The official yellow Fort Worth code enforcement sign posted on the door frame of a burned-out Hemphill Street apartment building Friday was blunt:
“Warning. Do not occupy.”
That leaves the tenants of 10 destroyed or heavily damaged units in the 1920s-era building in limbo.
“It’s bad,” said Tiffany Newman, who lived above the apartment where the fire started Thursday.
Newman lost furniture, food, clothes and her work uniform in the fire. She can’t enter her burned-out apartment to see whether anything can be salvaged.
On Thursday night, she stayed with a neighbor at another building in the Elizabeth Place complex but expected to have to leave soon. She hoped to find a place that would welcome her and her pit bull, Rocco.
Tenants in the community were already struggling to make ends meet. They live paycheck to paycheck, Newman said, and the fire puts more uncertainty in their lives.
“I can’t go to work if I don’t know what’s going on here,” Newman said.
A 911 call about the fire in the complex at 2008 Hemphill St. came in at 5:16 p.m. Firefighters controlled the one-alarm blaze within 30 minutes, fire officials said.
Smoke detectors were operating and alerted occupants, giving them time to escape, Fire Department spokesman Tim Hardeman said.
The cause of the fire was still undetermined Friday.
Only minor injuries were reported, including two children who were taken to Cook Children’s Medical Center for treatment of smoke inhalation.
Fire calls are rising
Red Cross volunteers helped tenants displaced by the fire find temporary lodging. They also received items such as clothes, blankets, combs and toothbrushes, spokeswoman Anita Foster said.
This time of year, when cold snaps send temperatures plummeting, the Red Cross often responds to at least two fires a day, she said. Fires begin as people try to stay warm. Also, holiday decorations of candles and lights can start fires.
Stephen Chacko, owner of Elizabeth Place, said he is working with insurance adjusters to assess the damage and see how to repair the apartments.
The complex on the edge of the Fairmount neighborhood and just south of the Medical District has four buildings. Building A caught fire and all the tenants in that section were displaced, Chacko said. The other buildings weren’t damaged.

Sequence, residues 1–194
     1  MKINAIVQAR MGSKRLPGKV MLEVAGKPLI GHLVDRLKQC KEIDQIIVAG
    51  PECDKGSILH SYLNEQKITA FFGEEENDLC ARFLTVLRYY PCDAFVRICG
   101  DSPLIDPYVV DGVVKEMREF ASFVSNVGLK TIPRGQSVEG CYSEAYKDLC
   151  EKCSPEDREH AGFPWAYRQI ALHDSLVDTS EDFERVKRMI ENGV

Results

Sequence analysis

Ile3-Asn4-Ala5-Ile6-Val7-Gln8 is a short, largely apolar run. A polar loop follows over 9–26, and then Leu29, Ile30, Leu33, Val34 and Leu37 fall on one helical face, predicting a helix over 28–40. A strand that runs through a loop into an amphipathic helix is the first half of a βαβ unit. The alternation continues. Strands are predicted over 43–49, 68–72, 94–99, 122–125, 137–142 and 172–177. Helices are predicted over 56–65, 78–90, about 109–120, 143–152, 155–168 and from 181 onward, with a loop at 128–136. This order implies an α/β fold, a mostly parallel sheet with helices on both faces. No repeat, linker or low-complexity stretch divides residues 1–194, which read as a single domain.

Chacko said his tenants don’t have renters insurance.
Prepare for a safe winter
Fire officials and American Red Cross workers urge people to take simple precautions to prevent house fires.
“Make sure you give your heaters space,” Foster said, adding that a rule of thumb is to leave a 2-foot buffer around a space heater.
“You want to make sure that nothing can find its way into your space heater,” she said.
A malfunctioning heater may have sparked a one-alarm house fire Wednesday night that destroyed a house in Mira Vista in southwest Fort Worth.
Chimneys need to be inspected by a professional before they are used.
This week’s cold snap didn’t give people time to prepare for winter weather, Foster said.
“We didn’t have a lot of fall,” she said.
This report includes material from the Star-Telegram archives.
STAYING WARM AND SAFE
Avoid potential fire hazards by following these tips from CSA, a leader in public safety, testing and certification.
• Have a qualified heating contractor perform a yearly check.
• Clean or replace the filter often during heating season.
• Never use gasoline or other flammable liquids near a gas furnace.
• Don’t store paper, chemicals, paint, rags or cleaning products nearby.
• Don’t use a gas fireplace if the glass panel is removed, cracked or broken. Have qualified service people replace glass panels and frame assemblies.
• Make sure the cord is not damaged. If it is, replace the entire unit or have a qualified professional replace the cord.
• Keep the heater clean by dusting or vacuuming it regularly. Always turn the unit off first.
• Keep the heater clear of furniture, rugs and drapes.
• Turn the heater down or off before going to sleep. Keep it out of pathways and away from bedding and clothes. Turn it off before you leave the house.
• Install smoke and carbon monoxide alarms.
• Find more tips at www.csagroup.org